Romney ad blitz focuses on economic trust
Mitt Romney and his presidential campaign are invading living rooms in key states across the country through a barrage of television ads that aim to convince voters that their economic well-being hinges on a change in the White House.
Backed by his second-straight $100 million fundraising month, Mr. Romney has poured $45 million into his television ad offensive, pounding home the message that four years after President Obama cruised to victory on bipartisan hopes, he has abandoned those voters who sent him to Washington and instead governed as a big-spending liberal.
“Four years ago, Barack Obama was concerned about Florida’s economy,” a narrator says in a Romney ad targeted at the Sunshine State. Mr. Obama was so tied up in passing his health care overhaul that he took his eye off the state’s unemployment, housing foreclosures and poverty woes, the narrator says. “Barack Obama: what a disappointment,” the ad concludes.
“Many of their ads tap into voter mistrust and seek to turn it to their own advantage,” Mr. West said. “Romney hopes voters blame the bad economy on the president and concludes they can’t trust him with a second term.”
Mr. Obama has run $125 million in broadcast and cable TV ads, chiefly painting Mr. Romney as a corporate tool, calling into question his foggy tax history as well as his offshore bank accounts, and claiming that the Republican wants to increase taxes on middle-class families in order to cover the cost of cutting taxes on the rich.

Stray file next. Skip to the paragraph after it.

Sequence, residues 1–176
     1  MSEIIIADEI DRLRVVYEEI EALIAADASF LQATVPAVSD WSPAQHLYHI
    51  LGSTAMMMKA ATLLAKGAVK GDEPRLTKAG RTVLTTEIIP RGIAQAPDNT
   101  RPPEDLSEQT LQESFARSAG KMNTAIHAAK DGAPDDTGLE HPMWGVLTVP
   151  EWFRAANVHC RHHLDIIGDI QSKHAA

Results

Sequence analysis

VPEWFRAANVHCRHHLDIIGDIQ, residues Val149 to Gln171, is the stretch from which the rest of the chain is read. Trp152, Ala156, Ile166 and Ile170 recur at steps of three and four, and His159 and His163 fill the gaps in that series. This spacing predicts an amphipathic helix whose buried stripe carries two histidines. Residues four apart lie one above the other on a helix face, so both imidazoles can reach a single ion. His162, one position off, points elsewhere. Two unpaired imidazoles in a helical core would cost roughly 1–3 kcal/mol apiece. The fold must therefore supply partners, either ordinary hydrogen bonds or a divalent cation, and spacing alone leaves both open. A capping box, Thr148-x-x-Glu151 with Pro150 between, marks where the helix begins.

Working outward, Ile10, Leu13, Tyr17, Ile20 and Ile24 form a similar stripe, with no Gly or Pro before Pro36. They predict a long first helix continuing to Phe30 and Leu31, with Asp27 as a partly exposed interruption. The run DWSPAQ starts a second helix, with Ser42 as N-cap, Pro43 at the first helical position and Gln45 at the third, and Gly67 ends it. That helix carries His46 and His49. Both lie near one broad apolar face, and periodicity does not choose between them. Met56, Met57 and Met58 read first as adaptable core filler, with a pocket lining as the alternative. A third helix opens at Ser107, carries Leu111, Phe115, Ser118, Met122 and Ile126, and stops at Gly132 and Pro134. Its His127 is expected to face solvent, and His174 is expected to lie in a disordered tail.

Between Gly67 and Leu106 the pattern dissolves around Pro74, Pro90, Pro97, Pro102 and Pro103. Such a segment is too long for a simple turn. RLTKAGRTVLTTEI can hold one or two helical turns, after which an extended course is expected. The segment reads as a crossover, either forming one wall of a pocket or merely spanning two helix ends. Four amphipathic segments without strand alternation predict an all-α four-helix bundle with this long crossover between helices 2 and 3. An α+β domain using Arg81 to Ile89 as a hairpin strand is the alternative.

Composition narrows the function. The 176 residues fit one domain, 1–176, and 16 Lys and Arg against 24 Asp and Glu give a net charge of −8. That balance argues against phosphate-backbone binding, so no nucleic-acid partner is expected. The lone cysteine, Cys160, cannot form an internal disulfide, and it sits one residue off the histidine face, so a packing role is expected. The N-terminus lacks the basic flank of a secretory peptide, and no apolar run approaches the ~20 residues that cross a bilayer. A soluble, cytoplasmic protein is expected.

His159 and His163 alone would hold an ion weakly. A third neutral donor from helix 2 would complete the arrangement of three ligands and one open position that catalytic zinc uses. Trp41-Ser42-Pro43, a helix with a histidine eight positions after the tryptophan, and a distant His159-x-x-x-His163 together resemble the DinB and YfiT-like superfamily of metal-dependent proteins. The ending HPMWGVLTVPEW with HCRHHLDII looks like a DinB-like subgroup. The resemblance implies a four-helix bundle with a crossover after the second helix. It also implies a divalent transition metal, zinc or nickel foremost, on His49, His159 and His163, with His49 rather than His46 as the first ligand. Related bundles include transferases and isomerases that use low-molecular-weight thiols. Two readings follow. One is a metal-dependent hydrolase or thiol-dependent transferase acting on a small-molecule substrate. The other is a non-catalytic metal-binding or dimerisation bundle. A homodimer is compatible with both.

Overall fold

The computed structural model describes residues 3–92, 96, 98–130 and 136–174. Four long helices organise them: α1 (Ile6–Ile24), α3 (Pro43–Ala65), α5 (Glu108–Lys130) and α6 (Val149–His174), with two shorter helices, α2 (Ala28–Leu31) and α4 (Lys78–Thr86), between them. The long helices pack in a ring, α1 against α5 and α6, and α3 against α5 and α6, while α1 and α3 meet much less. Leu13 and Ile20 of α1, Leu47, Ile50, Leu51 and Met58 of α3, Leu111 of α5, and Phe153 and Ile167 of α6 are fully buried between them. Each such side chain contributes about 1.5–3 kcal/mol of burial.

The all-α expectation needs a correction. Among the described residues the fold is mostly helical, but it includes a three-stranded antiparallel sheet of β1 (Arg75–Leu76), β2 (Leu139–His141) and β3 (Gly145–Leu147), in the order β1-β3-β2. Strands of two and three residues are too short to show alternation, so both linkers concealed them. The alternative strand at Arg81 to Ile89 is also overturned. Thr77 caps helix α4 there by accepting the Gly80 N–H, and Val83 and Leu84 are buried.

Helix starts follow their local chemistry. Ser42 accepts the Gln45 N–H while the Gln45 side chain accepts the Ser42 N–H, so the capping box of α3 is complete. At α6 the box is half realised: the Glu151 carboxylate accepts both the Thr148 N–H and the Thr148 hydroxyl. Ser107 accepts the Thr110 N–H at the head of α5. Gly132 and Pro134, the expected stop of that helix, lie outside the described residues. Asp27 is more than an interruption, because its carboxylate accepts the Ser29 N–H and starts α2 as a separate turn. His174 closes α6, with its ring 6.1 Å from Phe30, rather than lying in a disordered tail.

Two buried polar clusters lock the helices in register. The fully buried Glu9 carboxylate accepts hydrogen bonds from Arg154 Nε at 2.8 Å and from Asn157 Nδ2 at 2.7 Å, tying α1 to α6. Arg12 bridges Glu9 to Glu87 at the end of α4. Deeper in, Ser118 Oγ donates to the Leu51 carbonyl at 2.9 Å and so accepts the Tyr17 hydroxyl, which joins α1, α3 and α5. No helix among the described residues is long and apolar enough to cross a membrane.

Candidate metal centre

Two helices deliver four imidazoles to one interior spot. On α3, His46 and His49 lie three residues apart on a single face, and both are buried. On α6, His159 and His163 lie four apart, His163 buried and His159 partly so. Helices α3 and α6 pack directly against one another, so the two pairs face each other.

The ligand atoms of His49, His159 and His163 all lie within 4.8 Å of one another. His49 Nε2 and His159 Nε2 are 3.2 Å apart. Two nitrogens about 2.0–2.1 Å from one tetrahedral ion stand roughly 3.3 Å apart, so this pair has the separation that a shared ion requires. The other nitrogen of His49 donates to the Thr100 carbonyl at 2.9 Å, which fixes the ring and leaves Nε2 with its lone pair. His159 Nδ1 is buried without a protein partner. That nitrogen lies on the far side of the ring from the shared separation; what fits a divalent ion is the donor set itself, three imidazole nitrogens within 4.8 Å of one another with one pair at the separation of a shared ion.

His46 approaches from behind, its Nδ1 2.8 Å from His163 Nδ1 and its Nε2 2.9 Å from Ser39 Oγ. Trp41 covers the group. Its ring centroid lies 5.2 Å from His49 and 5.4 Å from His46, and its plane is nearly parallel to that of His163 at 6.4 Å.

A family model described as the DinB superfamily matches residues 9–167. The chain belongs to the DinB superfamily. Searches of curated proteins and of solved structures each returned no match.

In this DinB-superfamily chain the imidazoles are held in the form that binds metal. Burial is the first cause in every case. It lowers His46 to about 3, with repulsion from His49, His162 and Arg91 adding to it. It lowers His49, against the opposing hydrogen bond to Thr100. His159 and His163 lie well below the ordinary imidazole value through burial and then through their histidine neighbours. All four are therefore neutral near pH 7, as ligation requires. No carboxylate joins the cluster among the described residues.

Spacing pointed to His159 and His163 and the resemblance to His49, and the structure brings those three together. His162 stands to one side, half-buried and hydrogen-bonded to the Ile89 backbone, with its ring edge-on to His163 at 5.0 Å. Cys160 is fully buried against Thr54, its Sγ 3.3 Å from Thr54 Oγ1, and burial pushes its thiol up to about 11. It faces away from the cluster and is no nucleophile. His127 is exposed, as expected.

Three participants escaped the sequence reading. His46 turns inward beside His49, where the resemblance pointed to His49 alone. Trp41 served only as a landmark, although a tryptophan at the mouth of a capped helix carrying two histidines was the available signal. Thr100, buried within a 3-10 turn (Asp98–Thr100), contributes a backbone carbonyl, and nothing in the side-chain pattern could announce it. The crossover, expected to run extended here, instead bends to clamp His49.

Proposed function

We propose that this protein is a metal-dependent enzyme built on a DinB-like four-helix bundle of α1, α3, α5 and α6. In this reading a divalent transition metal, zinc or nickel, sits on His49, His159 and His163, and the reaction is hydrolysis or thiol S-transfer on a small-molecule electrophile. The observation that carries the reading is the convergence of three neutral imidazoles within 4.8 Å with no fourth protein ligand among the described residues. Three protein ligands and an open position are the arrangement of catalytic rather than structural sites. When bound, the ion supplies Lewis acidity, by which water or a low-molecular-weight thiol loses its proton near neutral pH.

Citing data from Kantar Media/Campaign Analysis Group, which tracks campaign ad spending, the Associated Press reported Monday that Ohio, Florida and Iowa have been bombarded with more ads than other states, and that between the two campaigns and outside groups, a total of $350 million has been spent on commercials that have run in nine states. The other targeted states are Colorado, Nevada, New Hampshire, North Carolina, Pennsylvania, and Virginia.
The messages are repeated in Web ads targeted based on the locations of computer users, and have been adapted for the growing Spanish-speaking voter population.
But the onslaught begs the question: When do the ads reach the point of diminished returns? Polls show voters have a less favorable impression of the Republican, but they still see him as better equipped to handle the economy than Mr. Obama. Voters also say they would rather have a beer with the president than with Mr. Romney.
While the ads reach tens of millions of voters, both campaigns are targeting a much narrower slice of the electorate, said Erika Fowler, assistant professor of government at Wesleyan University, where she tracks political ads.
“There are a whole host of folks who are listening to these messages who are extremely entrenched in one of the two parties, basically who are tuning them out or rejecting all the other messages on the other side,” she said. “The ads are really intended to target those moderate, those swing voters, who may be few and far between. But campaigns don’t care about efficiency and are going to go after those folks wherever they are and overload them with ads.”
Less than 100 days before the election, it appears clear that more money than ever will be dumped into the air wars.
“There has been so much money spent that in some of the more bombarded markets you are going to run out of spots,” said Kip Cassino, a political media researcher at Borrell Associates. “I wouldn’t at all be surprised that in places like Columbus, Ohio, we are going to start to see political ads at the movies. Because there is just so much money being spent, there aren’t enough spots to cover it.”
Along those same lines, the Wall Street Journal reported last month that ESPN, the cable-sports news network, had cut a deal to show more campaign ads during the fall run-up to the Nov. 6 election.
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